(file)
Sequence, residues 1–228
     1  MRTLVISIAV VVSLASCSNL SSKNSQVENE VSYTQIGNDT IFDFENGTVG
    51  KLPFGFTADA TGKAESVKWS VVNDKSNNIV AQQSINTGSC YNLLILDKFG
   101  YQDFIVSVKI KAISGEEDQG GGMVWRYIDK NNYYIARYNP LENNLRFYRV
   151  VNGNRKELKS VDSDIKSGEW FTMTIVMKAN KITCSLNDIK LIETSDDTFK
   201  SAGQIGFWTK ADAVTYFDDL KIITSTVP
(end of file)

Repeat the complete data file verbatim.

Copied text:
Sequence, residues 1–228
     1  MRTLVISIAV VVSLASCSNL SSKNSQVENE VSYTQIGNDT IFDFENGTVG
    51  KLPFGFTADA TGKAESVKWS VVNDKSNNIV AQQSINTGSC YNLLILDKFG
   101  YQDFIVSVKI KAISGEEDQG GGMVWRYIDK NNYYIARYNP LENNLRFYRV
   151  VNGNRKELKS VDSDIKSGEW FTMTIVMKAN KITCSLNDIK LIETSDDTFK
   201  SAGQIGFWTK ADAVTYFDDL KIITSTVP